Obviously, the key to successful real estate investing, like stocks
and bonds, is to buy low and sell high. But, how do you know when
the "low" has been reached? Or, for that matter, how can
you judge when your property may be peaking in value?
Some investors rely partially on the media. They read the daily
newspaper, watch television and follow the trends. Although the
media provides a good deal of information, remember that by the
time things are printed or broadcast, the news may be old. For instance,
you will find statistics frequently quoted in the media that have
been supplied by the National Association of REALTORS (NAR). But,
NAR statistics, like most, tell you where things have been, not
where they are going.
So what can you do? First, check local economic indicators. If,
for example, a community depends on defense spending, and there
is a government cutback, you can be assured that your area will
be impacted. Even if the community does not have a major defense
contractor, it may have subcontractors.
The local chamber of commerce can frequently help. They usually
have information on which companies are moving in and out of an
area. Logically, the relocation of a firm into a community generally
indicates that demand for real estate in that marketplace will increase-while
if firms are moving out of the area, housing demand will often shrink.
Aside from economic indicators, check real estate trends and cycles.
Talk to a real estate agent. They can provide statistics on how
quickly homes have sold, how prices have fluctuated in the past
six to 12 months, and projections of future home sales. They can
show you how today's market compares to last year's. Are sales headed
up? Down? The same?
The answers will not only help you determine what the market is
like in your area, but they will also be critically important in
helping you determine when and where to make your real estate investment.
Return to the topics
Does a home warranty protect a buyer in the
event something goes wrong after they have purchased a property?
That's because home warranties are oftentimes misunderstood, and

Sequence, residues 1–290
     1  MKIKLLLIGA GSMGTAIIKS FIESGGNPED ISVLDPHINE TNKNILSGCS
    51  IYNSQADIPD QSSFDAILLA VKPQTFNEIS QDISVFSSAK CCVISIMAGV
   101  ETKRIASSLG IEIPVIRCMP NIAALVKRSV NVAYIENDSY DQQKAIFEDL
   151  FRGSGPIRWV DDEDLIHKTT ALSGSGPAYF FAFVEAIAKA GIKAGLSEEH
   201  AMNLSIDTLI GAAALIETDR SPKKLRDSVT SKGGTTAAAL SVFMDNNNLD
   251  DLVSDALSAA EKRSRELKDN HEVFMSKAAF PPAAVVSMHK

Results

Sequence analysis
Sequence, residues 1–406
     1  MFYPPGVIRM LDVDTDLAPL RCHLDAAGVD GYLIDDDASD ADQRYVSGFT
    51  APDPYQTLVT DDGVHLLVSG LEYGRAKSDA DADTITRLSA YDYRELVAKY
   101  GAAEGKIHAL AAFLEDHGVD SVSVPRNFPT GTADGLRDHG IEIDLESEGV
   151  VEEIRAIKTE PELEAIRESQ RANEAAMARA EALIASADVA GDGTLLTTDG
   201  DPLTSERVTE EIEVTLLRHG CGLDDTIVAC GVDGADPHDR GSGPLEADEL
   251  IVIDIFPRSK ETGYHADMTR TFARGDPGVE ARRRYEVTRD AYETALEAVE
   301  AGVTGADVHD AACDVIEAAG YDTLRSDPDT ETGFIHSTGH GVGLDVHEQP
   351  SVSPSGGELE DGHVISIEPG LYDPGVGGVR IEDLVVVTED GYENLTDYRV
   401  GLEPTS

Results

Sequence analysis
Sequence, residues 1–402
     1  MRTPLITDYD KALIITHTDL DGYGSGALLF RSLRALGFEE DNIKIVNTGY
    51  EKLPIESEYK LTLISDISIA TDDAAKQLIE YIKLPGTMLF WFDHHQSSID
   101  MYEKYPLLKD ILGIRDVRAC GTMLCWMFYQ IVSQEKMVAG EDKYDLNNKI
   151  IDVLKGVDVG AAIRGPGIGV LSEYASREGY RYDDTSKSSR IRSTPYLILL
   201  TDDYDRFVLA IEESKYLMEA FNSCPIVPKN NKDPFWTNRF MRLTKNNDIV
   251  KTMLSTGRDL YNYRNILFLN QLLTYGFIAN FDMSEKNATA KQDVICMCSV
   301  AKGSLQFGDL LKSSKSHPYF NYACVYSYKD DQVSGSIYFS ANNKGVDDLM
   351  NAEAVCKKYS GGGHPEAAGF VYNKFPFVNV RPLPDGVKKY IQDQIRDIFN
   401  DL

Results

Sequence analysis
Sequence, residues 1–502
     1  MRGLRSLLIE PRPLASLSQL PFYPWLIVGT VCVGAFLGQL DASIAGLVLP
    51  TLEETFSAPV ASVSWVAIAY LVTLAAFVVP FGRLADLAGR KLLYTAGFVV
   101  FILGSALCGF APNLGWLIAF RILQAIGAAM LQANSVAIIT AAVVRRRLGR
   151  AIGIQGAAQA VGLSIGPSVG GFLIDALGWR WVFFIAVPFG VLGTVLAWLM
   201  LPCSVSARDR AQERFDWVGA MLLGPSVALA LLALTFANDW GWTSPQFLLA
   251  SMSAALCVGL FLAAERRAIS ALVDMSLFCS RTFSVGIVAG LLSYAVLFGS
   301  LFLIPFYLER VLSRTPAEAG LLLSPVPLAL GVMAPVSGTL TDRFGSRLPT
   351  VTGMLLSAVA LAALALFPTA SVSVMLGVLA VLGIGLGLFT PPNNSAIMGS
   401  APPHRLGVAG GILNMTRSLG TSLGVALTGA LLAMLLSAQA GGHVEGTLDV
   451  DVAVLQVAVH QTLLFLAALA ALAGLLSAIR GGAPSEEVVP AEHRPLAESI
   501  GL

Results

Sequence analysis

not every warranty provides the same protection. All warranty companies
are not equal, either.
Warranties, of course, were designed to protect buyers from problems
that emerged after they moved into a dwelling. For example, if a
major appliance breaks or the roof leaks, the ideal warranty kicks
in and pays for the repairs.
On the surface, this sounds simple and straight forward. But, most
of the time it is not.
First, all warranties differ. Aside form the obvious differences
(the amount of deductible required), they may also vary insofar
as what is covered and what is not. For instance, with some warranties,
if the hot water heater works on the day of closing, but suddenly
does not work six months later, then it may be covered. And, with
other policies if the water heater was not in good working condition
when the home was purchased, and it breaks a week or two later,
there is no coverage.
Complex? Confusing? It can be. Even though the language in the
warranty must spell out exactly what's covered, it isn't always
the easiest document to understand. Thus, step one in evaluating
any warranty should be to take it to your attorney to help you decipher
the legalese. It may be well worth the hour or so that it will cost
you in legal fees.
Next, is the warranty company financially sound? In many states,
warranty companies can be doing business, despite the fact they